Smartphone cameras are so good nowadays that there's almost no reason to own a point and shoot. Once the megapixel spec race was finally settled (hint: more isn't always better), manufacturers started focusing on the quality of their camera sensors, which has led to a huge jump in color accuracy, dynamic range, and image clarity.
If you've ever wanted to turn your favorite GIF into a live wallpaper for your iPhone or even just make it a 3D Touch-friendly Live Photo that you can share, there's a super simple way to do so.
To stand out on Instagram, you need more than just the great camera on the Galaxy S20. You have to think like a professional photographer, which means two things: using manual mode and editing your photos. It is only with the latter that what you imagine becomes a reality.
For the first time ever, iPhones will be getting live panoramic wallpapers in iOS 7, but it's something Android devices have always embraced.
When Apple first introduced Live Photos in iOS 9, it was a big hit for those who had 3D Touch devices — but one thing this cool feature was sorely missing was editing options. Thankfully, Apple has fixed that in iOS 11 by turning Live Photos into a complete package with editing tools and new effects right within the Photos app.
Facebook added a new feature that lets you post 3D versions of your portrait mode photos for all your family and friends to see on their smartphones, computers, and virtual reality goggles. These new 3D photos add a whole new dimension to your images with movement and more depth.
While Live Photos has been a fun addition to iOS ever since the iPhone 6S and 6S Plus, there hasn't been much practical use for Apple's moving images so far. That was, until iOS 11 added advanced features such as long exposure effects that make a DSLR less and less impressive these days.
Have you ever taken a photo to share with a friend, only to realize it was actually a Live Photo? Maybe you said something embarrassing in the background, or perhaps you moved the camera out of frame onto a subject you don't want your friend to see. Luckily, making a Live Photo a regular still photo is a breeze.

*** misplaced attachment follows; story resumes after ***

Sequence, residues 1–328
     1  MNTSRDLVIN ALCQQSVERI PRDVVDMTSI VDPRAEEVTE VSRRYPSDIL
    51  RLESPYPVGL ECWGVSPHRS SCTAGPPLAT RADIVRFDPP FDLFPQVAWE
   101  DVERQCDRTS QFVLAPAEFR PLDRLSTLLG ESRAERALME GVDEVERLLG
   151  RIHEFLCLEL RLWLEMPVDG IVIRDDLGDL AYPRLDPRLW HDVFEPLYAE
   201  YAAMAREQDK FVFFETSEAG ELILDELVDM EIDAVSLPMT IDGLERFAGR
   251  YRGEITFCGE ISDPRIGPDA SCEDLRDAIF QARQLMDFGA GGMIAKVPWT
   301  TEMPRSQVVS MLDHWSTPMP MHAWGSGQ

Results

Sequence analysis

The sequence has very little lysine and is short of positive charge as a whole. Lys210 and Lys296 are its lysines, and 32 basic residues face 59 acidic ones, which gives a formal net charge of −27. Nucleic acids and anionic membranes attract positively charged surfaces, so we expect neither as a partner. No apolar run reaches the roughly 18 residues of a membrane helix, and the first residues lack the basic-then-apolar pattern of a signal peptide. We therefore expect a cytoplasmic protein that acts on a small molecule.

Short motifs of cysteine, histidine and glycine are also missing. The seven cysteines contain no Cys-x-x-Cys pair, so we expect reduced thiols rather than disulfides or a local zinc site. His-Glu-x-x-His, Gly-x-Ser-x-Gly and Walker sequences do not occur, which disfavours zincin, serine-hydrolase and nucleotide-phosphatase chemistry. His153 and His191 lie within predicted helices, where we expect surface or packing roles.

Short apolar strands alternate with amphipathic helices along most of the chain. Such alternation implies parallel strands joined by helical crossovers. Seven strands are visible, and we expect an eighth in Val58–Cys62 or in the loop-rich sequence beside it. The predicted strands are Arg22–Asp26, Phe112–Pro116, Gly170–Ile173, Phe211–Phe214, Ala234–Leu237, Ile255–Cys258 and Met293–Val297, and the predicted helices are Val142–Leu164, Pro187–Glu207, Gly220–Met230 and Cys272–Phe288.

Commenting on Facebook pictures is a commonality. But you may not want to share your private and personal pictures on Facebook. Maybe you just want a select few to comment on your photos. Fear no more, you can send your pics and get private comments using Google Photos.
Microsoft, even being Apple's fierce competitor, is no stranger to producing iOS apps—in fact, they've made 94 of them. But their latest iOS app may be their silliest yet: a goofy photo editor named Sprinkles.
Editing photos can be tedious, especially if you are using a similar theme for all of your photos. It takes time to select every tool, play with the bars, and find an adjustment that you're happy with. Luckily, there's a faster way. Adobe Lightroom for Android and iPhone allows you to save your favorite editing presets so you don't have to change every photo every time.
Nothing has stopped you from taking a screenshot of a funny moment in a FaceTime video call before, and nothing probably will. But screenshots are old news. Apple has made it even easier to take capture FaceTime moments on your iPhone, and the results are more lively.